With Surfshark, you can also always download our app instead and use OpenVPN that way. But in case you want to go the scenic route of configuring OpenVPN yourself, here are the guides:
OpenVPN vs. other VPN protocols
People always want to know what’s the best. But it is difficult to compare VPN protocols. Why? Aside from flaws in code, a VPN protocol’s speed and security depend on its implementation.
Because of this, I recommend you try each of the protocols out yourself before making any conclusions.
However, this is (on average) how VPN protocols stack up against each other:
None unless paired with IPSec
OpenVPN vs. PPTP
Point-to-Point Tunneling Protocol, developed by Microsoft and others in 1999, is basically everywhere. It is also widely regarded as insecure, obsolete, and compromised by the NSA. Aside from the fact that it uses 128-bit encryption in the 256-bit era (imagine the key to your home having a single incision instead of 5), there are at least 5 major ways to overcome PPTP encryption, making it very easy for hackers to read your data.
The verdict: OpenVPN is more secure than PPTP in basically every way. Sure, PPTP is faster, but it comes at the cost of weaker encryption.
OpenVPN vs. L2TP
Layer 2 Tunneling Protocol was developed around the same time as PPTP. As a tunneling protocol, it doesn’t encrypt data by itself, so it’s usually paired with IPSec. This sort of modularity allows it to utilize AES encryption.
Like PPTP, it’s basically everywhere. However, there are rumors that it is compromised by the NSA.
The verdict: OpenVPN is safer by default and does not have issues with firewalls like L2TP often does.
OpenVPN vs. IKEv2
Sometimes called IKEv2/IPSec due to the usual pairing of the two, Internet Key Exchange v2 was developed by Cisco and Microsoft but has many open-source versions as well.
IKEv2 is a good choice for mobile users as it handles network drops (like walking out of range of Wi-Fi and hopping onto mobile data) and is a bit faster than OpenVPN. Yes, this applies to Surfshark users as well.
The verdict: IKEv2 works better for most users than OpenVPN.
OpenVPN vs. SSTP
SSTP can be seen as Microsoft creating a fitting replacement for PPTP. And it works! SSTP is integrated with all Windows systems going back to Windows Vista, and offers a comparable level of service as OpenVPN.
So why use OpenVPN? Because it’s open-source. This means that tech experts around the world can pop the hood at any time and inspect the code. SSTP isn’t open-source, so you’d have to trust Microsoft to use it.
The verdict: OpenVPN is more trustworthy and therefore better suited for people worried about their privacy.
OpenVPN vs. WireGuard
WireGuard® is one of the newest kids on the block, in development since 2016. One of its great advantages is its size. Wireguard clocks in at about 4,000 lines of code when compared to 600,000 for OpenVPN or 400,000 for IPSec. Fewer lines mean the code is easier to inspect, and there are fewer places for bugs to pop up.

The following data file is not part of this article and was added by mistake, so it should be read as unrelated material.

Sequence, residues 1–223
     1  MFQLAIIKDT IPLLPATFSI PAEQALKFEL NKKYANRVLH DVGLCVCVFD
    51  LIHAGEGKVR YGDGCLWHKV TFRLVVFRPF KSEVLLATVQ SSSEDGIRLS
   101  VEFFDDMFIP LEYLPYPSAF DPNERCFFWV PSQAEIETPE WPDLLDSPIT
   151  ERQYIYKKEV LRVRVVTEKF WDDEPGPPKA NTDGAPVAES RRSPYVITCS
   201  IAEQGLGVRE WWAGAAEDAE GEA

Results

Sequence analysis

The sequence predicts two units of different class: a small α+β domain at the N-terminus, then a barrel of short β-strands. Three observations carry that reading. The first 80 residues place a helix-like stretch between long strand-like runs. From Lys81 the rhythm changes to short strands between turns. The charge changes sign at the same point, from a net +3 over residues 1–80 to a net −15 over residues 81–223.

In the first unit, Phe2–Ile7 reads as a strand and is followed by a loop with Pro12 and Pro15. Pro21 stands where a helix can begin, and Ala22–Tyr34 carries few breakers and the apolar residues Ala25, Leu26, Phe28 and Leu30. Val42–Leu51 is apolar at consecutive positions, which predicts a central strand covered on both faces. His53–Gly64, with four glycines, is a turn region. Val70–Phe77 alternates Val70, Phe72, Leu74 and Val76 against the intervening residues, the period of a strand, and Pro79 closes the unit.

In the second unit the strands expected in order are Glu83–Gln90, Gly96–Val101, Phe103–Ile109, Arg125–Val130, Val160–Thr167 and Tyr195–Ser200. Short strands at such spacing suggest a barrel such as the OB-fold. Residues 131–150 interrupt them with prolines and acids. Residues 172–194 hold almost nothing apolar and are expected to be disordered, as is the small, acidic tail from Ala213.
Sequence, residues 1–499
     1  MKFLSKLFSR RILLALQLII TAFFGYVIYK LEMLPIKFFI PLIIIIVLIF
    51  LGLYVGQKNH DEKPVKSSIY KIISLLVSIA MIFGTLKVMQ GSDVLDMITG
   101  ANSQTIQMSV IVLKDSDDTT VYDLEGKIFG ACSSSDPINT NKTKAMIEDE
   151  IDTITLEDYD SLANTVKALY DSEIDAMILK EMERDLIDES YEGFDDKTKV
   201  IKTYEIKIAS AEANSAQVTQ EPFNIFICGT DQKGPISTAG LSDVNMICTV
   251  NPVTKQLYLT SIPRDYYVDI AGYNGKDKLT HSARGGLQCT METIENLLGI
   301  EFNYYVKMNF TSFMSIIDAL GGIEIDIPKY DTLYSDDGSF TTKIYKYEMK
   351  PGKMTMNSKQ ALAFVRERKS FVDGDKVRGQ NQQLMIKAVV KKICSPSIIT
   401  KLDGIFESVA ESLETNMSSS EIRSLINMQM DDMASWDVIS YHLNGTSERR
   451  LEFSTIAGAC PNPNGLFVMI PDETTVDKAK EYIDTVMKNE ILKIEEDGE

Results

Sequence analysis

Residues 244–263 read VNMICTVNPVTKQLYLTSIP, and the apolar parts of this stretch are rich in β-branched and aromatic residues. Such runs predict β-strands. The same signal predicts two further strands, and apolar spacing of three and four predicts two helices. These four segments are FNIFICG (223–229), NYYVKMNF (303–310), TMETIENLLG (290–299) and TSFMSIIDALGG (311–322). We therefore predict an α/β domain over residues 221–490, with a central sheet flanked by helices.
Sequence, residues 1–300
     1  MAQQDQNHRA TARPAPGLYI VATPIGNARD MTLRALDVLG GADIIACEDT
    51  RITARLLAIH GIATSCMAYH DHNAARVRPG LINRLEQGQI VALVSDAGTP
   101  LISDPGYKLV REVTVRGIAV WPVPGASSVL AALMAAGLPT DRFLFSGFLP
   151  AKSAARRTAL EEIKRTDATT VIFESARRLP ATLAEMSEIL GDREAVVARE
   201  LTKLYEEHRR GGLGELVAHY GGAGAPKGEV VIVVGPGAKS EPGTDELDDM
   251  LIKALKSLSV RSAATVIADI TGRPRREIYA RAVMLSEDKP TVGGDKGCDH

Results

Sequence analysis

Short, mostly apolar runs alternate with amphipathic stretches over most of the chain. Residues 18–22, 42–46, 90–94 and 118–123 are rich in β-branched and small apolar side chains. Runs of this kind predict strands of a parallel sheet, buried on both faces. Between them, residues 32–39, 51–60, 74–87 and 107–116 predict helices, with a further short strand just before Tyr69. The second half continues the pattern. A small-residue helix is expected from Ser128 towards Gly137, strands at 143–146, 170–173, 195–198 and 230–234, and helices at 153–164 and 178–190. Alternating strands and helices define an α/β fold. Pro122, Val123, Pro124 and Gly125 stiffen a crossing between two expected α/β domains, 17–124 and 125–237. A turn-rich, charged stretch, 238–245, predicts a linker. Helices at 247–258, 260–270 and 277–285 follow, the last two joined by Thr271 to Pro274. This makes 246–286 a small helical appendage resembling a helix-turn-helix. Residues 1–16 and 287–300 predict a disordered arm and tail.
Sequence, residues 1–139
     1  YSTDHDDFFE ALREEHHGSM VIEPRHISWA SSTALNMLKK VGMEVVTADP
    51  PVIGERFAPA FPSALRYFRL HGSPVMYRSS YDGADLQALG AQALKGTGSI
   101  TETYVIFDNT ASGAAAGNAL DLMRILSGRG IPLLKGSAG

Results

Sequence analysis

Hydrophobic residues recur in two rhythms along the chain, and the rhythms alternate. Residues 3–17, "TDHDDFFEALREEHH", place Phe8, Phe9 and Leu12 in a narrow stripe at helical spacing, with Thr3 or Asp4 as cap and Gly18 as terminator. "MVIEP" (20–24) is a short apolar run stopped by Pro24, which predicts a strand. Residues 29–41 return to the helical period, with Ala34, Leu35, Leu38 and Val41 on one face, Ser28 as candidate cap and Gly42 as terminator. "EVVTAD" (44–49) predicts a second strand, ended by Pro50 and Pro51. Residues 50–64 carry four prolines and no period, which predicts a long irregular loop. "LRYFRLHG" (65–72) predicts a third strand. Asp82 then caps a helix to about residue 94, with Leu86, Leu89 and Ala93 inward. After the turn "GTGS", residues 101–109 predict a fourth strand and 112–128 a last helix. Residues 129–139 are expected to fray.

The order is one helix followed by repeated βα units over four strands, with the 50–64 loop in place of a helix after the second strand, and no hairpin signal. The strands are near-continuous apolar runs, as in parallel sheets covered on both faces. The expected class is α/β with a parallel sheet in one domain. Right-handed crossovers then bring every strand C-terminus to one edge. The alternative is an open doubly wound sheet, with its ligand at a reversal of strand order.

The verdict: WireGuard* is fast and secure – you should probably use it instead of OpenVPN. That’s why Surfshark VPN updates switch the protocol to WireGuard automatically (you can switch back manually, of course).
*WireGuard is a registered trademark of Jason A. Donenfeld.
OpenVPN vs. Shadowsocks
Shadowsocks is a free, open-source encryption protocol project. It’s based on the SOCKS5 proxy – that is, the 5th version of the SOCKS protocol for routing your traffic via a proxy. While proxies give you one of VPNs’ benefits – getting a new IP – they’re not encrypted.
Shadowsocks was designed to provide that encryption because it was made for one goal: to circumvent the Great Chinese Firewall and allow Chinese users to reach the wider internet safely. However, it’s not the most well-crafted protocol, and it’s not easy to implement.
The verdict: Users not connecting from China are better off with OpenVPN. Users in China can still benefit from our No Borders feature, which the app enables automatically.
Can I use OpenVPN for free?
Technically speaking, yes, you can use OpenVPN for free. You can, say, use the Community Edition to create your own OpenVPN server on your home computer and then use the GUI app to connect to that server from your phone.
That way, you will have a safe communication channel to your home, but not much else. You won’t be hiding your IP, bypassing censorship, or unlocking streaming libraries.
If you want these benefits, you need to subscribe to a VPN provider like Surfshark. At that point, you also get access to an app that lets you switch servers without downloading anything and contains features like No Borders and Kill Switch.
Is OpenVPN safe to use?
Yes, previous inspections and audits have revealed some flaws in OpenVPN’s security, but OpenVPN developers immediately patched them. Moreover, the project maintains a log of discovered issues where the solutions to them are outlined.
Do I need OpenVPN?
Are you using a VPN to increase your privacy and security while surfing the web and give you better access to entertainment? And is your device supported by a VPN client like Surfshark? If so, then you don’t need to engage with OpenVPN yourself – aside from maybe setting it as your preferred protocol on the app.
If you’re a business setting up a VPN server or a really dedicated hobbyist who wants to set up a VPN at home, then you may want to use OpenVPN software. You may also use OpenVPN to access VPNs like Surfshark on platforms that the client app itself doesn’t support.
Additionally, OpenVPN is useful when installing a VPN on a router to secure all of the connected devices at once.
So unless you find yourself in one of these specific situations, getting an all-included app like Surfshark is the way to go.